High cost of rice concerns consumers, traders

Feb 16, 2021, 12:15 PM | Article By: Sulayman Waan

Scores of people have expressed frustration over what they called continuous price hikes for rice in the country, with some describing it as a difficult situation for the poor.

In 2019 a 50kg bag of American rice was sold in The Gambia at D1150. In 2020 the price increased to D1250. While in late January 2021, the price jumped to D1300.

In 2020 a 50kg bag of Sadam rice was also sold at 1550. It later increased to D1600 and subsequently, it increased to 1650.  However, currently, a 50kg bag of Sadam rice is sold at D1750 in The Gambian market – a situation that is alarming.

Speaking to The Point in an exclusive interview recently, Dawda Sey, a resident and a family head at Darsilami village in the Kombo Central District, West Coast Region (WCR), complained bitterly of the hike in the price of rice, saying a bag of rice is too expensive in the country compared to previous years.

In 2018 President Barrow-led government announced a free trade for rice importers. This policy ensures free duties on rice traders. And in his campaign, he repeatedly promised that if he was elected to the Office of the President, a bag of rice would be sold at D700.

However, Mr. Sey said: “Some years ago, the government announced free trade on rice importers but the price often increases. Now where does the problem lies?”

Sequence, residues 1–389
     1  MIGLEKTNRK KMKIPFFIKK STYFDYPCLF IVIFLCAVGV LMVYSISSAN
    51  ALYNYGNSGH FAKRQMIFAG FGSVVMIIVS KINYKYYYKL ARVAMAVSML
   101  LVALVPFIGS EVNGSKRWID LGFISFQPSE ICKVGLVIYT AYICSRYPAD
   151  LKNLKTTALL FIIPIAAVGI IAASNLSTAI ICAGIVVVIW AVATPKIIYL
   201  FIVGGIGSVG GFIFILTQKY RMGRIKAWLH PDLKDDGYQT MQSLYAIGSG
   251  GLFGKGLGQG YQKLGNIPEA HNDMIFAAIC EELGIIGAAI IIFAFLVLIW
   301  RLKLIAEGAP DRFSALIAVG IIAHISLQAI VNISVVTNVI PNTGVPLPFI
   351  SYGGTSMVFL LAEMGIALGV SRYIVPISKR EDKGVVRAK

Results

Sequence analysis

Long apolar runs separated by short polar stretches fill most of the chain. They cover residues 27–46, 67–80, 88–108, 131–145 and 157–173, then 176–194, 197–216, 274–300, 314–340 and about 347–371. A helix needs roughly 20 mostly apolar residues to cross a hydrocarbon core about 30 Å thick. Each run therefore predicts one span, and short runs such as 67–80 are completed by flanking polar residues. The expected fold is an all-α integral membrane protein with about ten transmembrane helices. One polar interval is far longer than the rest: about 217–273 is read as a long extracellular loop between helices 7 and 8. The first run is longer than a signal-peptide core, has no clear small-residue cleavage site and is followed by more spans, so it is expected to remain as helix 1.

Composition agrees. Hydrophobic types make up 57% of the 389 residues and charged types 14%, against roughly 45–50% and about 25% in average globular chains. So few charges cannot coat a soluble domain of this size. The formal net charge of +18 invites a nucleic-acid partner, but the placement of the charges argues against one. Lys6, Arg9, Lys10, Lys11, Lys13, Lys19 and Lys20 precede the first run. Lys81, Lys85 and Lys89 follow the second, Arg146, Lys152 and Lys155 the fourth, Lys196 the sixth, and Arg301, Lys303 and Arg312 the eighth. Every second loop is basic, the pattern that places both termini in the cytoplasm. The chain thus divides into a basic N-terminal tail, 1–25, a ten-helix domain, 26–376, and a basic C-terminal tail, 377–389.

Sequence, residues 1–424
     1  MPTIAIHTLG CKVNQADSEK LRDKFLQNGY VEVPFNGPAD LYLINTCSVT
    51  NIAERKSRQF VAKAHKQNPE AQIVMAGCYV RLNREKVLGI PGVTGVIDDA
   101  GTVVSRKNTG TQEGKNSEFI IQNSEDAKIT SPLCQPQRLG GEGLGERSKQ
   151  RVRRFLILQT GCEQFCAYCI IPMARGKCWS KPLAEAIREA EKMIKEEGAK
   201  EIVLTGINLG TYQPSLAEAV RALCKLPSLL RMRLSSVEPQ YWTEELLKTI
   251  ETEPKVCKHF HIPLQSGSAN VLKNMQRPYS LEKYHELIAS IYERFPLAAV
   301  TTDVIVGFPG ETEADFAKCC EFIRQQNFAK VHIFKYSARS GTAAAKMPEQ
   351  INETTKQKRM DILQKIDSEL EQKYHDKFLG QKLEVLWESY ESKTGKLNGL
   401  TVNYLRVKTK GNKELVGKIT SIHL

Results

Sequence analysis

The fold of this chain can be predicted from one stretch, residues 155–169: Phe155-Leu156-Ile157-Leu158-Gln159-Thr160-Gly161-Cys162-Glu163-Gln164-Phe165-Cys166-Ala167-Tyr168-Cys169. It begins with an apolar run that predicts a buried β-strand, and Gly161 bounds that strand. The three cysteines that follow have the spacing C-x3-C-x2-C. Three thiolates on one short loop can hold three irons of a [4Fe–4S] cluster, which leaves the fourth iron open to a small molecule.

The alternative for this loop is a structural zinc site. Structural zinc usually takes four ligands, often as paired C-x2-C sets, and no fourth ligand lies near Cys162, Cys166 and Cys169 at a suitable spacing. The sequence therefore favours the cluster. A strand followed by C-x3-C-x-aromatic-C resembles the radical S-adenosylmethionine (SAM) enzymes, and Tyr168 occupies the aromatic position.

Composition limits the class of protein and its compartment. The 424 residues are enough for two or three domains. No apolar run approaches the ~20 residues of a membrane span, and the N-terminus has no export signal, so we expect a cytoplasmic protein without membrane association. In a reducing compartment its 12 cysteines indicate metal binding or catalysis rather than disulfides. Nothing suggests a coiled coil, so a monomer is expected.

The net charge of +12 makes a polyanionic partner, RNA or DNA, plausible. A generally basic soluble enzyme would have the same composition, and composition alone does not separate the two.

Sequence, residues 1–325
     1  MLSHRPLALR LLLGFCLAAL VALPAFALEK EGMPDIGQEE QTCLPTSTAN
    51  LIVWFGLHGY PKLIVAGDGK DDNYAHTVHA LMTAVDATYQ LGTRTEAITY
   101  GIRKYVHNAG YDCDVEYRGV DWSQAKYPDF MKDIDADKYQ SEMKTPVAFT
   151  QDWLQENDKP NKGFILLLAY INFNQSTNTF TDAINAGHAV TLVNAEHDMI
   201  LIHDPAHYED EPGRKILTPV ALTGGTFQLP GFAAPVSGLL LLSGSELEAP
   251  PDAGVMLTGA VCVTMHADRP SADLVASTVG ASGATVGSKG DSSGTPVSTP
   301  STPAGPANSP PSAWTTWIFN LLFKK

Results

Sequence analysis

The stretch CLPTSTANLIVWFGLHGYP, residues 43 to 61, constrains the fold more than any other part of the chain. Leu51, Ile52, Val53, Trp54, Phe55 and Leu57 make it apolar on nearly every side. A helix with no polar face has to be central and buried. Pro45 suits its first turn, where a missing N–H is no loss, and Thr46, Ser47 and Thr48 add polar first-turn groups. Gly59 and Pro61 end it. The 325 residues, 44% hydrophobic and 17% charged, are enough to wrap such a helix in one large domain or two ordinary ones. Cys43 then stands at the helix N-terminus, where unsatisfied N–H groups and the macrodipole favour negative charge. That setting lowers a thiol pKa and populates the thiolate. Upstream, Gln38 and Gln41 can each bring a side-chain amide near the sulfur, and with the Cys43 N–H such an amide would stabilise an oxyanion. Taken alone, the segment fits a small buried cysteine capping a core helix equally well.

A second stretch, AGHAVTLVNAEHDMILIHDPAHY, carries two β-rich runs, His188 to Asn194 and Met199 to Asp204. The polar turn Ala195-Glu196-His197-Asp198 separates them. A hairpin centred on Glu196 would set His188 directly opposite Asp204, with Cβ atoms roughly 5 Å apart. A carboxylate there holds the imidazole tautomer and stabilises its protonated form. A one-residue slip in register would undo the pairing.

He argued that there is a need for the Barrow government to monitor the market because the price of commodities is escalating swiftly.

Speaking to this reporter at the Serekunda Market while shopping, Isatou Kebbeh, a housewife said: “Rice is very expensive in the market because a cup of American rice costs D7 and a cup of Sadam rice costs D14.”

Complaining bitterly while holding her shopping basket, she said the price of rice is now very high in The Gambia compared to 2019 and early 2020 when a cup of American was sold at five dalasis (D5) while the Sadam rice was sold at six dalasi (D6).

Speaking further, she said the high price of rice has severely affected her family and some poor people in the country. She said many ordinary Gambians only manage to sustain their families but they find it difficult to satisfy their families.

Fatou Bayo, a petty vendor at the Serekunda Market, also talked about hike in price of rice. She said the price hike is affecting the ordinary Gambians daily as many do not have the financial capacity to purchase enough rice for their families to eat to satisfaction. 

“We (consumers) really want to know the cause of the frequent rise of price in the market. And the government should come forward to updating us the cause of the price hike in the country,” she argued belligerently to this medium.

Some business analysts have said the hike in prices emanated from the international level [rice producers and suppliers].

However, Madam Bayo has a different view. She said business people just adjust the price for their selfishness.

The petty vendor called on government to urgently put a mechanism in place to bring down the price of rice in order to save the average Gambians.

Fallou Sarr, a shopkeeper, said prices of all commodities in the country have greatly increased, adding they often increase on daily basis.

“I used to sell a cup of American rice at D6 and a cup of Sadam’s rice at D8, but now I sell a cup of the American rice at D7 and the Sadam’s rice at D10. I increased because recently I went to my supplier and found that he had increased a bag of American rice from D1250 to D1300 and Sadam rice from D16 50 to 1750,” he explained.